A Companion to Eighteenth-Century Britain
H. T. Dickinson
John Wiley & Sons, 2008 M04 15 - 592 pages
This authoritative Companion introduces readers to the developments that lead to Britain becoming a great world power, the leading European imperial state, and, at the same time, the most economically and socially advanced, politically liberal and religiously tolerant nation in Europe.
Results 1-5 of 85
... established a clear and inviolable rule, namely, indefeasible hereditary succession, to prevent a dangerous hiatus between the death of one ruler and his replacement by the legitimate heir. Subjects could not lawfully oppose the ...
... established civil society and civil government. He went on to argue that the only way to secure the natural rights of all men was to create a written constitution in which all men had the right to vote for the legislature which would ...
... established a link between the state-building process and economic development have argued along similar lines. Among others, Charles Tilly and Brian Downing have suggested that the extraction of resources was simpler in a highly ...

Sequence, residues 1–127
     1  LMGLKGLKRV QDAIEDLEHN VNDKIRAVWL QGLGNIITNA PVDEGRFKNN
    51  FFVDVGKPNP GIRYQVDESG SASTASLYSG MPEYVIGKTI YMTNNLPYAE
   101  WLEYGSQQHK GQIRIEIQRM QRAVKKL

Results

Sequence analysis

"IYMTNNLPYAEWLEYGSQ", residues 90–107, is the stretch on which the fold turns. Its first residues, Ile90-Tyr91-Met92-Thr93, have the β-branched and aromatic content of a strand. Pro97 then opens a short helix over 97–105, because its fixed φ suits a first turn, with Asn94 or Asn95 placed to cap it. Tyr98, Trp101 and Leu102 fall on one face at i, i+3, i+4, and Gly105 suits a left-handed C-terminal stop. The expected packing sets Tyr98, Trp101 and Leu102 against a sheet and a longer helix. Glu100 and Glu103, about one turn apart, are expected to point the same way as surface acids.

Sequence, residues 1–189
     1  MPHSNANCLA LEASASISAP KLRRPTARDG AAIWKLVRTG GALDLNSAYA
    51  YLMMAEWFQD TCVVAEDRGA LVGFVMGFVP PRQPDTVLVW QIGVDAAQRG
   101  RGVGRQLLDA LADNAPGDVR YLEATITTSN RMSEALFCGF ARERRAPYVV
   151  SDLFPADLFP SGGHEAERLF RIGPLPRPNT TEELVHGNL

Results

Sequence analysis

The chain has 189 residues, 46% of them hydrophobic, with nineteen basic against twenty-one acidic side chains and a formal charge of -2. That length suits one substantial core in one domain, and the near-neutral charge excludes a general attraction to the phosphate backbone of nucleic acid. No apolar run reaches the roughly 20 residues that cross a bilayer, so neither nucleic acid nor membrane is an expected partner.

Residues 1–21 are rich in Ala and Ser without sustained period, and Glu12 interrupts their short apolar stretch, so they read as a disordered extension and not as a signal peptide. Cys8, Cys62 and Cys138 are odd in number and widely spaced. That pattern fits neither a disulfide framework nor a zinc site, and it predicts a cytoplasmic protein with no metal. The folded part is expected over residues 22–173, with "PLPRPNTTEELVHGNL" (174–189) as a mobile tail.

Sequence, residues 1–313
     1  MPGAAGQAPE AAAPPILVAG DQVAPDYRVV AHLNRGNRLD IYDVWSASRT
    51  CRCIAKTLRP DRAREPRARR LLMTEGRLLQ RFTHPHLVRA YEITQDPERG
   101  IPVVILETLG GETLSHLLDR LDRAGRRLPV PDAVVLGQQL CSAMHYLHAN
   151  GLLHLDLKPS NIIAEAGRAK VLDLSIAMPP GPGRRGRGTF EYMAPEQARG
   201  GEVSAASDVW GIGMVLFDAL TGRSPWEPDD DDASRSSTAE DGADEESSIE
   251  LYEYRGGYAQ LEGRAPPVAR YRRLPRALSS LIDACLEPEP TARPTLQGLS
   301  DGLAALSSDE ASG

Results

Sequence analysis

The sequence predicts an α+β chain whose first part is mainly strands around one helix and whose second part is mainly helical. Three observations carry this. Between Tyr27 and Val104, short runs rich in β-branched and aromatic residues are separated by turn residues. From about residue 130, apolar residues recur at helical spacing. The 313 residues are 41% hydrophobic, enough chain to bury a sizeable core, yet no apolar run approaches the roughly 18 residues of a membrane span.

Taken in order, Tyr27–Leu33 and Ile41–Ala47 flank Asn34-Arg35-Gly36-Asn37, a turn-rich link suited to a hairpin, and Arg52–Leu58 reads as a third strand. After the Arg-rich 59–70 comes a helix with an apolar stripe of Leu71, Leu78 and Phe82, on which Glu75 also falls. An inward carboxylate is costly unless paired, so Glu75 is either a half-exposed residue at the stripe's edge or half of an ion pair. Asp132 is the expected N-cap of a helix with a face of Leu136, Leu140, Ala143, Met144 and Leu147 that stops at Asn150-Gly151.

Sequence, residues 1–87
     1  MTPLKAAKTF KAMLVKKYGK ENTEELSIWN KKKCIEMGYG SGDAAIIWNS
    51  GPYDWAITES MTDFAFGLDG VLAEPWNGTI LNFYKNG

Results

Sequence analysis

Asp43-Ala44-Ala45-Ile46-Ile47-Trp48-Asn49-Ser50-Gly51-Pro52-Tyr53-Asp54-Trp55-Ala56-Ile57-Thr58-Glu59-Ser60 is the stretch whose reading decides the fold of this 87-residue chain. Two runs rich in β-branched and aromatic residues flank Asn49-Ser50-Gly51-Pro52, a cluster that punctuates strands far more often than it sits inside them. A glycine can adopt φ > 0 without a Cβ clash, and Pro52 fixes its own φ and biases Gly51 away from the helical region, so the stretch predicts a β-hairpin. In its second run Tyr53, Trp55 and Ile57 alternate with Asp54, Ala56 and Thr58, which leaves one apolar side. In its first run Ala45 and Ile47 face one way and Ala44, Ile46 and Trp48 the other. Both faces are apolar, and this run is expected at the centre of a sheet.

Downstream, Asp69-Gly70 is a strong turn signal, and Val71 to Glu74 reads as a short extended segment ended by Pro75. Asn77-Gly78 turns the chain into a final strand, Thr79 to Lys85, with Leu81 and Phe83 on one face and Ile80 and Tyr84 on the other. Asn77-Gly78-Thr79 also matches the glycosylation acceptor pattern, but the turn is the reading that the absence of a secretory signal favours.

... established or restructured. The Treasury, as the body controlling both income and expenditure, was at the heart of this new institutional arrangement. And the period saw an increase in the number of centrally appointed, highly ...
... established local authorities were unable, or unwilling, to undertake certain tasks. Thus, at the beginning of the eighteenth century, the Society for the Promotion of Christian Knowledge (SPCK) took up the cause of founding charity ...
Part II The Economy and Society
Part III Religion
Part IV Culture
Part V Union and Disunion in the British Isles
Part VI Britain and the Wider World